Machu Picchu access restrictions

Your Guide to the New Machu Picchu Visitor Rules & Restrictions

In January of 2019, new visitation rules and restrictions were put into place for visiting the Machu Picchu archaeological ruins as well as Machu Picchu Mountain and Huayna Picchu Mountain.

These restrictions have caused substantial confusion throughout the Peruvian tourism industry and left many travelers unable to see the remarkable sights they came to visit.

Understanding the reasons for the new rules makes them easier to tolerate but, unless you have a knowledgeable tour guide or tour operator to explain the rules and accompany you to the site, you may not have the experience you were expecting.

macchu pichu visitor rules

Why New Rules for Machu Picchu Visitors?

In 1983, UNESCO recognized Machu Picchu as a World Heritage Site, calling it “the most amazing urban creation of the Inca Empire.”

Since the early 1900s, visitors from around the world have trekked to this astounding site in large numbers. In 2017 alone, almost 1.5 million people visited this culturally and environmentally significant site. The constant volume of visitors has, over time, begun to significantly degrade the site, causing concern about its future.

The new restrictions are designed to reduce the detrimental effects of tourism on Machu Picchu while still providing reasonable access to this in-demand destination.

How Do the New Rules Affect My Trip to Machu Picchu?

Today, visitors are allowed only four hours at the archeological ruins (citadel) and at Machu Picchu and Huayna Picchu mountains. Visitors must be accompanied by a tour guide. A limited number of tickets is available each day and visitors must enter during their designated shifts.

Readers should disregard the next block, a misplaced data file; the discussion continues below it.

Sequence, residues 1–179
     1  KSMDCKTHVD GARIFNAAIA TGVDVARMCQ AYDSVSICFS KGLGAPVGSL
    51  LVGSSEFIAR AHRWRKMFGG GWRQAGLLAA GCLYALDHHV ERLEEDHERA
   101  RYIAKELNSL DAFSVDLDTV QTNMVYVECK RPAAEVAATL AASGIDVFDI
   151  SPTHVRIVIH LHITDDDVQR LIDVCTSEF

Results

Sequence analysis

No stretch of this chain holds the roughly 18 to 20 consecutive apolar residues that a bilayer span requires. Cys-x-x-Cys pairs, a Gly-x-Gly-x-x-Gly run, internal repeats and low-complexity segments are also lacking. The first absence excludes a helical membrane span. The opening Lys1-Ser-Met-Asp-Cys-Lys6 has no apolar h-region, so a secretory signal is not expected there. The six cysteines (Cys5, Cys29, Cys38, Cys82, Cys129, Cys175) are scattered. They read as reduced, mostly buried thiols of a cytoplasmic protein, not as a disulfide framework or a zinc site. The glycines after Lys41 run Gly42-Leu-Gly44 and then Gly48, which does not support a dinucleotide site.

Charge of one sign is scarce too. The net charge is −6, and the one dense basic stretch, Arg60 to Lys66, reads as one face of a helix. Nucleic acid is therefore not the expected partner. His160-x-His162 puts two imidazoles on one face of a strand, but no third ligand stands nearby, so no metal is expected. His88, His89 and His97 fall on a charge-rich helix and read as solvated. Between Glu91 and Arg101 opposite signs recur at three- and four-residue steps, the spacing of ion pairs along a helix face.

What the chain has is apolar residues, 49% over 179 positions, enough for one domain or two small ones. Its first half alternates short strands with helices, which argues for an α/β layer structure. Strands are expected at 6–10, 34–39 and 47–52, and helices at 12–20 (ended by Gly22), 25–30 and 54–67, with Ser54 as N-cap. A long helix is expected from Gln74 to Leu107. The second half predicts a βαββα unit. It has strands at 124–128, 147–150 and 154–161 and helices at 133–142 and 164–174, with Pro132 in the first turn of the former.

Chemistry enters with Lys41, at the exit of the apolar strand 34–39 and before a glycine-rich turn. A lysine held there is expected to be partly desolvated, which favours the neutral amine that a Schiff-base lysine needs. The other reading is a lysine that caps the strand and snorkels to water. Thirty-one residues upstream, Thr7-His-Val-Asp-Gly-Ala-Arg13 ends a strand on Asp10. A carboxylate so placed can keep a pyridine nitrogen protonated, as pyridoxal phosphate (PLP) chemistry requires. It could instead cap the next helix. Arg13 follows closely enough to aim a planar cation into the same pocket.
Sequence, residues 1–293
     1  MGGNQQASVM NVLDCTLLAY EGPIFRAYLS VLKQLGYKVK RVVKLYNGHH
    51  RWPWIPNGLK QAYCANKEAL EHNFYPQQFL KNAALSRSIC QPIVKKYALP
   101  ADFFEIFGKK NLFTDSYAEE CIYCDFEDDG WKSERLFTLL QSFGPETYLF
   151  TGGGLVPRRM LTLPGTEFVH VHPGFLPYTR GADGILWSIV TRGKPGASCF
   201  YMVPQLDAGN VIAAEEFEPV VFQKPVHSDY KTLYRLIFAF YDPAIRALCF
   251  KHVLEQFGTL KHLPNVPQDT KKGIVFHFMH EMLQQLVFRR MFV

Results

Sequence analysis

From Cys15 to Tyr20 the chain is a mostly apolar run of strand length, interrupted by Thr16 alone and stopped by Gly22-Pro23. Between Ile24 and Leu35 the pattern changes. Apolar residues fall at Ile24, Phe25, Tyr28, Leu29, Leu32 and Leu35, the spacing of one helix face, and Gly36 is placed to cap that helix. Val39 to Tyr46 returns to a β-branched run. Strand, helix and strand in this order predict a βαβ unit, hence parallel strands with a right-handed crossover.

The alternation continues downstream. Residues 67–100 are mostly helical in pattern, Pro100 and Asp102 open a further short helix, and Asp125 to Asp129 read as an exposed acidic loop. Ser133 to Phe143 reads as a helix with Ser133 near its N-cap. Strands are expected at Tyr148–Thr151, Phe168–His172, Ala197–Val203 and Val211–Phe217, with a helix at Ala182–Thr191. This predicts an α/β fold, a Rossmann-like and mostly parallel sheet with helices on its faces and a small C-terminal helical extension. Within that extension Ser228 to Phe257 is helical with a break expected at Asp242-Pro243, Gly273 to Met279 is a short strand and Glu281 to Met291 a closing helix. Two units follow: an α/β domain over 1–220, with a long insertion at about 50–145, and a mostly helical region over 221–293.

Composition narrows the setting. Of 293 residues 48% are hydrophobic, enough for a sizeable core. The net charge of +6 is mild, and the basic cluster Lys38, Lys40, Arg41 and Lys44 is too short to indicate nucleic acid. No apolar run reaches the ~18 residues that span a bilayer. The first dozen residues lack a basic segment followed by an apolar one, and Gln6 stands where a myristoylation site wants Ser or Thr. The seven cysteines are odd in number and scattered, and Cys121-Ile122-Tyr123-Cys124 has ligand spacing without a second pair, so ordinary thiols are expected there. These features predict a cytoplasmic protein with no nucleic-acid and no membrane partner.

Currently, you can enter into Machu Picchu as follows:

  • At 6:00
  • At 7:00
  • At 8:oo
  • At 9:00
  • At 10:00
  • At 11:00
  • At 11:00
  • At 12:00
  • At 13:00
  • At 14:00

Within a given shift, visitors must choose a specific hour of arrival (i.e., at 6:00, at 7:00, at 8:00) and a maximum of 300 visitors can arrive at a given hour.

You must also decide whether you want to visit the ruins only or visit the ruins and hike one or both of the mountains, because different types of tickets are required, depending on your preferred agenda.

Finding a Machu Picchu Tour Guide Familiar with the New Restrictions

Unless you have a tour guide or tour operator who is well-versed in the new rules and how they affect treks and tours, you could travel a long way only to be disappointed upon your arrival.

And, unless you arrange your tickets in advance, you could end up not being able to visit the mountain or citadel at all.

SAM Travel Peru, a locally owned and operated Peruvian tour operator based in Cusco, uses an innovative approach to provide our clients with extended access to these sites without circumventing the new restrictions.

Our college-educated, English-fluent tour guides also have a clear understanding of what visitors are allowed to bring in with them as well as the route they must follow once inside the site. To make the most of your trip – and to avoid getting caught unawares by the new rules and restrictions – trust the local experts at SAM Travel Peru for your trip or trek to Machu Picchu.

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